Review: Contractions

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ContractionsMost of us have been forced to question the role our jobs play in our personal lives and how work can erode happiness and well-being in exchange for money. Mike Bartlett’s Contractions is a chilling 45-minute two-hander depicting the increasingly invasive, sickening ways that a company controls the lives of its desperate employees. It started out as a radio drama called Love Contract, before being adapted as a stage play and performed at London’s Royal Court Theatre in 2008. Now it’s on at Alexander Bar, directed by by Greg Karvellas (Bad Jews, Champ).

The story plays out over a series of brief meetings between Emma (Emily Child) and her unnamed manager (Janna Ramos-Violante). Their company contract states that any relationship between employees that could be “characterised as romantic or sexual” must be reported, so the manager persistently asks if Emma has anything to reveal. She insists that she has nothing to declare, until the manager informs her that a co-worker, Darren, has given the details of a date he had with Emma.

Caught out, Emma tries to avoid trouble by picking apart the company’s definitions of ‘romantic’ and ‘sexual’, but these concepts are so nebulous and subjective that she can’t escape. Instead, she ends up having to define her personal relationship for a soulless bureaucrat while being ordered not to talk about the meetings with Darren. Their private relationship is thus turned into a professional matter and wrested from their control. The manager always gets Darren’s version of events first, and often notes discrepancies in their perceptions (he thought the sex was “excellent”; Emma rated it “good”. He thinks their relationship will last a few weeks; she feels it could go on for a year). Any intimacy is heartlessly dragged out onto the table and put in writing. At first it’s funny, but uncomfortably so – absurd rather than humorous.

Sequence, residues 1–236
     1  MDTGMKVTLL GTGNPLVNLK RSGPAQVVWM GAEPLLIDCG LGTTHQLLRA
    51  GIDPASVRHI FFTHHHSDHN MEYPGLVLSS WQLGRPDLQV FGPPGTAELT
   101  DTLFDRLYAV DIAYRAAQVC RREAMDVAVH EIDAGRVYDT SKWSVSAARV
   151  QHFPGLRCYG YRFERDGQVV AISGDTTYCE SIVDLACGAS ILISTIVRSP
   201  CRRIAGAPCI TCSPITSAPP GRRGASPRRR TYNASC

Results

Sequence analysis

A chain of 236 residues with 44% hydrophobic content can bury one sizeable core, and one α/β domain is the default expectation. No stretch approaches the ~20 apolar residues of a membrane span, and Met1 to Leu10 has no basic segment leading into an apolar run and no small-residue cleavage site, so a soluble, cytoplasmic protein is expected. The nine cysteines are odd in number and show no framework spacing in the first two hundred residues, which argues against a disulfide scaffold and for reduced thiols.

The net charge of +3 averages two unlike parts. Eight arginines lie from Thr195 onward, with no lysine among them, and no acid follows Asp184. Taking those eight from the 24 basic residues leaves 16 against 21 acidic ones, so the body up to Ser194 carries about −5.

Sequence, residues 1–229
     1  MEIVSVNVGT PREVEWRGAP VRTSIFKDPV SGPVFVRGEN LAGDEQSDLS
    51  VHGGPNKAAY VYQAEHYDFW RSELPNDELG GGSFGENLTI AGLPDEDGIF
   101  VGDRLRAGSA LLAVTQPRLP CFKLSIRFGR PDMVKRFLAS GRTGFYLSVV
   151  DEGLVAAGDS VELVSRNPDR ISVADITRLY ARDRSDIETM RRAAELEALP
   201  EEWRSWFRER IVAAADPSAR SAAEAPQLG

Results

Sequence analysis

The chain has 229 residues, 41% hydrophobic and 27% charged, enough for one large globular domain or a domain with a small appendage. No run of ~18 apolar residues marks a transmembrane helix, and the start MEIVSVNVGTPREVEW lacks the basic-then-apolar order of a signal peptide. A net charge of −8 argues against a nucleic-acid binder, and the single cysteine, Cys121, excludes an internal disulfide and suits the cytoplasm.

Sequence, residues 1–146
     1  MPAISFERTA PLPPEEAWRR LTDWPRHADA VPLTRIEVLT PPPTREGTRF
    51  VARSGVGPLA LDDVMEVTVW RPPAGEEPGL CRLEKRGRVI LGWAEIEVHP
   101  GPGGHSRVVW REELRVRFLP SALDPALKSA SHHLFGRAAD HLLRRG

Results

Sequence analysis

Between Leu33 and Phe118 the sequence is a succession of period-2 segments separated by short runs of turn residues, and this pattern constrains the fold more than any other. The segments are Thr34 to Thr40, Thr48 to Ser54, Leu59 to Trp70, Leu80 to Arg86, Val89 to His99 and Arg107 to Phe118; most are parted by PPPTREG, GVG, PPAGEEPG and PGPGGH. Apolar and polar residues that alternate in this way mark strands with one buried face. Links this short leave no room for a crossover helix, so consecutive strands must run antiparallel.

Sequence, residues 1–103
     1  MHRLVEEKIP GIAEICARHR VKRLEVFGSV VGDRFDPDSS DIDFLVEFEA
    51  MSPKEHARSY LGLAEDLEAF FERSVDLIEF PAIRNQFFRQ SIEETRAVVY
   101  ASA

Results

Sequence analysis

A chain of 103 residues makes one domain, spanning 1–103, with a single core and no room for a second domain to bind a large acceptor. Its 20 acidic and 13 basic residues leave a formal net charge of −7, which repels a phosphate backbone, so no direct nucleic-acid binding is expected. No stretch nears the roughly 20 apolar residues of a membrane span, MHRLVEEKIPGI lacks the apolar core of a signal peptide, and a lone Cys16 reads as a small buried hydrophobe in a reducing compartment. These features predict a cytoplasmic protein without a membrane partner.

Emma has no choice but to become complicit in her own degradation because a breach of contract could cost her her job. The situation is further complicated when she falls pregnant and her baby becomes entangled in her contractual obligations, hence the punning title.

In a reflection of the company’s heartless policies, the play is coolly economical in set design, costume and movement. Emma and the manager wear the same bland outfit, presumably because they’re so strictly regulated that they can’t even choose their own clothes. For each meeting the characters sit at opposite ends of a desk from which the manager never moves. She remains poised and unruffled, while Emma is shuffled back and forth, getting up to leave the stage for a second or two between each meeting. This relentless repetition is echoed in the manager’s textbook dialogue: she keeps asking if there’s anything Emma has to tell them, insists that the company has a “duty of care” to its employees, and offers sudden, pretty smiles entirely devoid of warmth.

With the manager delving so deeply into the facts of Emma’s personal life that she even asks the exact number of times she and Darren have had sex, it’s unnerving that Emma knows nothing about the manager, not even her name. Her humanity is frequently questioned, and the way she always emphasises her role as a representative of the company eventually pushed me to view her not as a person but as an alien or a robot with a hive mind, tapped into data feeds from the cameras in the office and the constants reports from other managers interrogating their employees.

Janna Ramos-Violante’s icy performance is perfect here, although I think she is done a slight disservice by the script, which has the manager frequently forgetting names (Darren’s, the baby’s) in order to seem even more uncaring. This aspect of the character hardly needs to be exaggerated, and it gives her an implausible sense of inefficiency.

Emma’s character is more cohesively written and more challenging to perform. Emily Child portrays her with skilful awkwardness: slouched but anxious; angry and critical but clearly afraid of the consequences of fighting for her dignity. Some of the best moments in the play are when the tension teeters on the edge of explosive horror because of what Emma could say or do, and it’s Child’s intensity in these moments that makes them memorable.

Ultimately, it’s perhaps too severe to be extraordinary, but Contractions is nevertheless a well-written, well-acted play, with a good concept and a great deal of tension; an excellent talking point for a night out at Alexander Bar.

Lauren Smith

Contractions is running at Alexander Bar, Café and Theatre until 13 February 2016.

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